Linda Benedict | 3/18/2015 9:27:11 PM
The Louisiana Seafood Direct Program is helping the state’s seafood industry compete with the worldwide aquaculture industry.
Thomas Hymel, LSU AgCenter and Louisiana Sea Grant agent, said the state seafood industry has gone through a number of challenges, including hurricanes Rita and Ike and the BP oil spill. But it remains the largest seafood-producing state in the Lower 48.
Those who have survived the challenges are benefitting from the program, which connects fishers with consumers.
On the Louisiana Seafood Direct website, consumers can learn about fresh seafood products available from boats and processors. In Delcambre more than 70 participants are offering their products directly to consumers, Hymel said.
”It has opened a lot of doors to a lot of new commerce. It’s been a huge opportunity created for commercial fishermen, packers and processors,” he said.
A new boat launch at Delcambre provides easier access to the marsh and Vermilion Bay. A waterfront pavilion for a seafood and farmers market increases sales opportunities, he said. “We are ending up with more vessels coming into Delcambre to sell their catch.”
That program has been expanded to the New Orleans and Houma-Thibodaux areas, and it will be developed in Cameron also, Hymel said.
A seafood processing plant under construction in Cameron is expected to be completed by June, said Kevin Savoie, LSU AgCenter and Louisiana Sea Grant fisheries agent. The facility will provide an outlet for Cameron Parish shrimpers who have had to ship their product to processors in Delcambre or Port Arthur, Texas. That shipping expense meant less money for shrimpers.
The plant, being built where an ice house was on the Old River Loop, will be owned by the Cameron Parish Police Jury and operated by a private company, Cameron Fisheries. Funding for the $4 million project came from a Community Development Block Grant, Savoie said.
Savoie said the state-of-the art plant will be able to incorporate services such as peeling and retail packaging, similar to what is being done in the Vermilion Bay Sweet project. “It helps get a premium price for a premium product,” Hymel said.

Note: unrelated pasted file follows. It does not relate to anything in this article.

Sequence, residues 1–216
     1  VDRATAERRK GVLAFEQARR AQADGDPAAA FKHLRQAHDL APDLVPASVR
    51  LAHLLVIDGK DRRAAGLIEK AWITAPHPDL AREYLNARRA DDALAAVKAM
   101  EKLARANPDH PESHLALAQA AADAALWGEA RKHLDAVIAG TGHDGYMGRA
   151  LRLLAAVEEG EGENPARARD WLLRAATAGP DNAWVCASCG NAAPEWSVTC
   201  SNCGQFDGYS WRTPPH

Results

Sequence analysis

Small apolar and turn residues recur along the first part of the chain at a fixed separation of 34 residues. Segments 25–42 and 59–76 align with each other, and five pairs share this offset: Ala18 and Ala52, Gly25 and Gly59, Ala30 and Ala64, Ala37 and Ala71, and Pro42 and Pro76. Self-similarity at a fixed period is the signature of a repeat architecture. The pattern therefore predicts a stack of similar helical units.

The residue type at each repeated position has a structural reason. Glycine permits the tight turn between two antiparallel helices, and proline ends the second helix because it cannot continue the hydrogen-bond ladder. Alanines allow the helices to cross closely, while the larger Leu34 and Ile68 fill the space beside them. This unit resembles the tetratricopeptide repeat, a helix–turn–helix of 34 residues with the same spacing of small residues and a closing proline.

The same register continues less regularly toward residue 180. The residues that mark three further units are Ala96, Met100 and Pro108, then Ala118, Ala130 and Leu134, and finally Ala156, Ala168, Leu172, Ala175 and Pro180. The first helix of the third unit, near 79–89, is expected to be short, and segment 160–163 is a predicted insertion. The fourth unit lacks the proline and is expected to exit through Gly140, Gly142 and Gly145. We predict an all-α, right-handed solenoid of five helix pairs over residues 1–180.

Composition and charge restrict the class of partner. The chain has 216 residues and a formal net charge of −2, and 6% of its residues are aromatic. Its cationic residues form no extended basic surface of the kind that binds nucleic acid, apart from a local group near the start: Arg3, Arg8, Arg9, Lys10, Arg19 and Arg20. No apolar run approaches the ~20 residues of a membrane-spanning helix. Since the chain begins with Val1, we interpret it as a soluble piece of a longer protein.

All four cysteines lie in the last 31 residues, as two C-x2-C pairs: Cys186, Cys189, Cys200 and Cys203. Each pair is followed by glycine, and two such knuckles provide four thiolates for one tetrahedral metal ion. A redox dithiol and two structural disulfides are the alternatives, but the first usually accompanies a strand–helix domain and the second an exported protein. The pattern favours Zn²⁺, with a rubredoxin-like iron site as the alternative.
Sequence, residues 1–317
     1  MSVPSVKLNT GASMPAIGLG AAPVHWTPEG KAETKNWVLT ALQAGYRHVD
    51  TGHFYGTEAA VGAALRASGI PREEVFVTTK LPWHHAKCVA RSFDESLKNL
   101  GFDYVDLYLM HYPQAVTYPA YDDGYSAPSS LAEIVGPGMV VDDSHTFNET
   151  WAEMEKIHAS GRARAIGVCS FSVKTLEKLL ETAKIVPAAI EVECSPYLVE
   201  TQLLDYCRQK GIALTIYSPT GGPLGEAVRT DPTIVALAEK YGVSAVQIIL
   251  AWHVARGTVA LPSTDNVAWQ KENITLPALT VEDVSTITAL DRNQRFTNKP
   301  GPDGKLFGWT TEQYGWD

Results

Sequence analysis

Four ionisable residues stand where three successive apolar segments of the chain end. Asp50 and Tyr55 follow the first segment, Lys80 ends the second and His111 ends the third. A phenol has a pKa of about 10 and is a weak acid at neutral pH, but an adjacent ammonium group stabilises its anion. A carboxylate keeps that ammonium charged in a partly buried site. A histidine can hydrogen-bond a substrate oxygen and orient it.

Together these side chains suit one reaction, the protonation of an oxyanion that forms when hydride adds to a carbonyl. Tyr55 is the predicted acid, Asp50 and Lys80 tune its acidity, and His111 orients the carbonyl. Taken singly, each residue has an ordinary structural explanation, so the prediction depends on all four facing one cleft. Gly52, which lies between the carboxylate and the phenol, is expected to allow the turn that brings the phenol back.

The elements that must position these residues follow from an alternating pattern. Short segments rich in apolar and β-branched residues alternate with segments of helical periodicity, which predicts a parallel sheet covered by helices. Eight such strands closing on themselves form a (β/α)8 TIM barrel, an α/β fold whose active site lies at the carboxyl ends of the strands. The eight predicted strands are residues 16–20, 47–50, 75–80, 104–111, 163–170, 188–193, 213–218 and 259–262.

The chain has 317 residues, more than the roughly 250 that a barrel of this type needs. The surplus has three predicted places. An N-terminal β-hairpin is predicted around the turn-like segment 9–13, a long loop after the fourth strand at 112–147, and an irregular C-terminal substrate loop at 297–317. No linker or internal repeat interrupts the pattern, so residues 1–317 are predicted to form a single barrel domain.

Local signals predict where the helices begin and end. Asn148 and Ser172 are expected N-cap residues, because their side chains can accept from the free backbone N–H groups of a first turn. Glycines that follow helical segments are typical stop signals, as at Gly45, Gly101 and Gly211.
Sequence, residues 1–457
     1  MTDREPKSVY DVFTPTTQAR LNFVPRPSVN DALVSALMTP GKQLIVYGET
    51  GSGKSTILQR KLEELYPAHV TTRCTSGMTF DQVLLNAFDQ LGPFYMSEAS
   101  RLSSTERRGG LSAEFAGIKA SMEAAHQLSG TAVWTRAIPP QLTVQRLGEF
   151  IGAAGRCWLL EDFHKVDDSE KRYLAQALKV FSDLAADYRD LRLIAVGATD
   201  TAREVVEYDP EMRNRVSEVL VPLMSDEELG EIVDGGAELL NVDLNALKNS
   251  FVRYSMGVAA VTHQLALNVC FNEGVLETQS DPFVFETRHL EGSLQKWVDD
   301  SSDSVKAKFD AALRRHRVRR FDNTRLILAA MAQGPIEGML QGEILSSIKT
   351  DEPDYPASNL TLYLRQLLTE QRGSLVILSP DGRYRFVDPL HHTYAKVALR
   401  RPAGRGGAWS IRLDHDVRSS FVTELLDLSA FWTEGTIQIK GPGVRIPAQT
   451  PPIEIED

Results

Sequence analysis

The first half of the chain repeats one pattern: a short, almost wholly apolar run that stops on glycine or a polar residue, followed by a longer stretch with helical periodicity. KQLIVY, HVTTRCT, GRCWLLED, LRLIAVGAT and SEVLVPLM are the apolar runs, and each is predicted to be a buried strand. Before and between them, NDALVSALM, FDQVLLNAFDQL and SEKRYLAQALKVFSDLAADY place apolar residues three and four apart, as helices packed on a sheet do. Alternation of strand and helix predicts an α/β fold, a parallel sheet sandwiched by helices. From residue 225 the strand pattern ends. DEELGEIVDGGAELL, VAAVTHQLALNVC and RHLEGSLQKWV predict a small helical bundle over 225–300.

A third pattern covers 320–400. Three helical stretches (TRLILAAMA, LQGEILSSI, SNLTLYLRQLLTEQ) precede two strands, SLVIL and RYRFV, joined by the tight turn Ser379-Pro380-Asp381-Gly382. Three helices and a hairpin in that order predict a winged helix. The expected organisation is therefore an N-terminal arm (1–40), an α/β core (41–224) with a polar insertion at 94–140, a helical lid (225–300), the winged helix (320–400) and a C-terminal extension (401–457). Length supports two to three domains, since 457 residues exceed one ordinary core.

The direct seafood marketing program for New Orleans is in the fledgling stages, said Albert ”Rusty” Gaude, LSU AgCenter and Louisiana Sea Grant fisheries agent, with about 20 boats registered.
In recent years, shrimpers in the Gulf of Mexico have benefitted from higher prices as a result of a disease problem that plagued Southeast Asian shrimp farming operations, Gaude said. “There’s some word right now that the farming operations are coming out of that disease cycle.”
He said the overall shrimp catch in U.S. waters increased in 2014, but the amount of imported shrimp also rose. “Not only are we catching more, and not only is there more shrimp coming into the country, but we are eating a lot more shrimp.”
The oyster industry is not faring as well, however. Although the BP oil spill has been blamed, Gaude said, not much direct evidence exists to prove a connection to the downturn that existed before the disaster.
The low amount of spats, or developing oysters, in the wild has been on the decline. “It’s been like that for several years,” he said.
An educational outreach program, Louisiana Fisheries Forward, to help fishers and processors improve efficiency and safety is an ongoing effort with the Louisiana Department of Wildlife and Fisheries. An oyster industry workshop was held in December in Houma. The third annual Seafood Summit will be held March 11 at the Houma Civic Center with more than 500 people from the seafood industry expected.
Bruce Schultz is an assistant specialist with LSU AgCenter Communications.
(This article was published in the winter 2015 issue of Louisiana Agriculture.)